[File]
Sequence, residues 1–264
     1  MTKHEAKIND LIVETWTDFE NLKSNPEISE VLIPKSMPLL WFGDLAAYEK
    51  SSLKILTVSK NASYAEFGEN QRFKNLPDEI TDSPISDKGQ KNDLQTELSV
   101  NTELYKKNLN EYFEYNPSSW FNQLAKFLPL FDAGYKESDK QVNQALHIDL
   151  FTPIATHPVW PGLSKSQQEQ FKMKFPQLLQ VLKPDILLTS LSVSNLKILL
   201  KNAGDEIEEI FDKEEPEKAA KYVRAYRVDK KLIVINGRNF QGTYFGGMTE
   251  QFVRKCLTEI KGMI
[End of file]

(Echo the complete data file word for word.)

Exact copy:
Sequence, residues 1–264
     1  MTKHEAKIND LIVETWTDFE NLKSNPEISE VLIPKSMPLL WFGDLAAYEK
    51  SSLKILTVSK NASYAEFGEN QRFKNLPDEI TDSPISDKGQ KNDLQTELSV
   101  NTELYKKNLN EYFEYNPSSW FNQLAKFLPL FDAGYKESDK QVNQALHIDL
   151  FTPIATHPVW PGLSKSQQEQ FKMKFPQLLQ VLKPDILLTS LSVSNLKILL
   201  KNAGDEIEEI FDKEEPEKAA KYVRAYRVDK KLIVINGRNF QGTYFGGMTE
   251  QFVRKCLTEI KGMI